Here, defendants first attack the trial court’s finding as to the market value of the property. In this regard, Ticktin and his vendee, Paul Hoffman, testified that the land had a market value of $216,000. Fanslow and John Whitney, his investment partner, testified that the property had a value of $288,000. There was also evidence that the FHA had appraised the land at $274,000. The trial court in calculating damages used a market *805value figure of $288,000. Defendants essentially argue that Ticktin and Hoffman were more credible than the others and that the trial court should have employed their figure in calculating damages. It is pointed out that Ticktin’s office is located less than two miles from the site; that Ticktin had been, in contact with realtors and developers; and that Hoffman was a disinterested witness. This does not persuade us, however, to modify the judgment of the trial court. Market value may be proven by the opinions of witnesses who possess the requisite knowledge (Leavitt v. Lusch (1915), 192 Ill. App. 504; also see Cannell v. State Farm Fire & Casualty Co. (1975), 25 Ill. App. 3d 907, 323 N.E.2d 418), and the issue of credibility of witnesses is one for the trial court which saw and heard them — not the reviewing court (Stilwell v. Continental Illinois National Bank & Trust Co. (1964), 31 Ill. 2d 546, 202 N.E.2d 477; Young v. Marcin (1978), 66 Ill. App. 3d 576, 384 N.E.2d 404; Ross v. Steiner (1978), 66 Ill. App. 3d 567, 384 N.E.2d 398). Accordingly, we reject defendants’ contention that the trial court should have accepted the testimony of Ticktin and Hoffman as to the market value, rather than that of Fanslow and Whitney.
Defendants then argue that there was insufficient evidence for the trial court to determine the contract price. Pursuant to the grant of option and warranty letter, the contract price was $340,000 less construction costs in excess of $20,000 necessitated by changes required by FHA. At trial, plaintiff established the amounts of these costs by the testimony of Robert Curtin, president of a company which performed physical alterations of property, who gave his opinion based on his experience as to the cost of each modification required by FHA. Defendants offered no evidence to contradict these figures, but they now argue essentially that Curtin’s testimony was hearsay and insufficient to support a finding, and that their motion to strike his testimony on that ground was “taken under advisement but never ruled upon.” In this regard, we note that “when the court reserves its ruling on a motion or on objection, the movant or objecting party must seek a decision or ruling in order to preserve the motion or objection for review.” (In re Annexation to the Village of Downers Grove (1974), 22 Ill. App. 3d 122,127-28, 316 N.E.2d 804, 808.) Thus, defendants cannot now attack Curtin’s testimony on the basis of hearsay.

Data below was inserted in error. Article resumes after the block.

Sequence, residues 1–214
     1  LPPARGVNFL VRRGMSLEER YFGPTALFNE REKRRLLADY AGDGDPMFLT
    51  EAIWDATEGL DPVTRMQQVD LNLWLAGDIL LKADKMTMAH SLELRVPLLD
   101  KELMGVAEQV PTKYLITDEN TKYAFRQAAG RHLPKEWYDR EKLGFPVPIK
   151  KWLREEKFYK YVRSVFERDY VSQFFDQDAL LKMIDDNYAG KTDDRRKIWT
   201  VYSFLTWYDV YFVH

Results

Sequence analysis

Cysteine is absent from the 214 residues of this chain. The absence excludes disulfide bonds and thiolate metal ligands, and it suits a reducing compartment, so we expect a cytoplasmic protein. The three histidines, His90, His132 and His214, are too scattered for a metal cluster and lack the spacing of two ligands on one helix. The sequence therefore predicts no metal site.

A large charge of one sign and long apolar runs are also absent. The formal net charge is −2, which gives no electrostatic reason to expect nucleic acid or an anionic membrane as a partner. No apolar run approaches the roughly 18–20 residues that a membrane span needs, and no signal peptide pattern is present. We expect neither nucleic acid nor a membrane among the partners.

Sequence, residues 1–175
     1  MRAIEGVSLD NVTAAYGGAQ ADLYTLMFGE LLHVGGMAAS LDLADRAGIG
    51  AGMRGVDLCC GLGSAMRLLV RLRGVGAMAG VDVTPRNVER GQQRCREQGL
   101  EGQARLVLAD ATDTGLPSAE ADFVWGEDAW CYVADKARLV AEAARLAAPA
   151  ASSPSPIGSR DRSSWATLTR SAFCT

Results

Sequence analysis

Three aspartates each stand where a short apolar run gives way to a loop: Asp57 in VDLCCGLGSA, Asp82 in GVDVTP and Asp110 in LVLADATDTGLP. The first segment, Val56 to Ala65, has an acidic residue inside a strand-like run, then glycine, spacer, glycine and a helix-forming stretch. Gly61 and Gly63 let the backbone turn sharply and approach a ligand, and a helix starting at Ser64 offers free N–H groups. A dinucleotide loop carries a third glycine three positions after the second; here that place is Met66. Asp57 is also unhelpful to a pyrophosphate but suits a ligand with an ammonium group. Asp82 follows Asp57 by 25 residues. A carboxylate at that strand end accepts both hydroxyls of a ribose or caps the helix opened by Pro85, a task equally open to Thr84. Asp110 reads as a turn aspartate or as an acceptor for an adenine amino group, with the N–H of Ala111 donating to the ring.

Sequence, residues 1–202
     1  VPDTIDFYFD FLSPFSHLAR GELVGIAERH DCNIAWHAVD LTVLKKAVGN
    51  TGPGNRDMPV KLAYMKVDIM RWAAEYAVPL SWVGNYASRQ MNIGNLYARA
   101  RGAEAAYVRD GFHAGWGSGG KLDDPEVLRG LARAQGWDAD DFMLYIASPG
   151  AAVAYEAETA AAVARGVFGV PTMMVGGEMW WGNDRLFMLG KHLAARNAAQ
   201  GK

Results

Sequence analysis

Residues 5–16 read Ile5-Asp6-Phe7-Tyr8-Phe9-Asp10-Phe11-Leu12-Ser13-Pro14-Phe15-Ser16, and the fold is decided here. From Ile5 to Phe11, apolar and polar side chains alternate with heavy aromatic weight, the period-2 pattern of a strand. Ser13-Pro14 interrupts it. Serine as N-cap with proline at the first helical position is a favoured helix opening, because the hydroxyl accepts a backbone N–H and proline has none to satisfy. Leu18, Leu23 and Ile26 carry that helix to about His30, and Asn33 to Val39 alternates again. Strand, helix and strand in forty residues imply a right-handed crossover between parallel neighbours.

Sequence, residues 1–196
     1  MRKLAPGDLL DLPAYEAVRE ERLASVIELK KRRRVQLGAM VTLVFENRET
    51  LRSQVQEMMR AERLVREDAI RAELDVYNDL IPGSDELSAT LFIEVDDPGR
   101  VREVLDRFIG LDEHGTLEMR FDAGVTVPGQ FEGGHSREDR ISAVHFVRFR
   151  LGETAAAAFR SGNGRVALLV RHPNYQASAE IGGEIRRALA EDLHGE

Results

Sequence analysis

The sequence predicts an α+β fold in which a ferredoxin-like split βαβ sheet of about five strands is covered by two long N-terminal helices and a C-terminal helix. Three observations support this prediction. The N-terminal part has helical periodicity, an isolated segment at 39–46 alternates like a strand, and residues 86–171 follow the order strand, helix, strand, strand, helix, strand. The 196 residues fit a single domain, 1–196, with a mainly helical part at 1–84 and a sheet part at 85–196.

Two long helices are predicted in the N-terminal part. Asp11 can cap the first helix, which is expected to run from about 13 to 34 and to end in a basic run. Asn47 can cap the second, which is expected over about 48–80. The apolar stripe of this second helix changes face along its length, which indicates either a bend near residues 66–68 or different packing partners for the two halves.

Defendants also urge, without citation of any authority, that the proof of costs was inadequate in that plaintiff should have presented evidence of binding contracts to make the modifications or “at the very least, * * * proof of bona fide bids for the extra work.” We disagree. As noted above, “[a]ll that the law requires ° ° ° is that the evidence shall with a fair degree of probability tend to establish a basis for the assessment of damages.” (F. B. Miller Agency, Inc. v. Home Insurance *806 Co. (1934), 276 Ill. App. 418, 431.) In the instant case, we believe Curtin’s informed opinion as to the costs tended “to establish a basis for the assessment of damages,” particularly in light of defendants’ failure to introduce any countervailing evidence. We therefore conclude that the increased construction costs were adequately proven and that the damages awarded, as corrected to $154,202.72, was established by the evidence.
Defendants’ final contention is that after their notice of appeal was filed, the trial court lacked jurisdiction to consider plaintiff’s subsequent post-trial motion, which requested (1) the correction of an arithmetic error made in the original determination of damages; (2) the subtraction from the contract price of the cost for items 9 through 12, which were required by the city of Naperville; and (3) an award of prejudgment interest from the date of the breach. Although defendants question only the correction of the damage award, the jurisdictional issue reaches all three of the matters raised in the post-trial motion, and we shall ultimately review each one.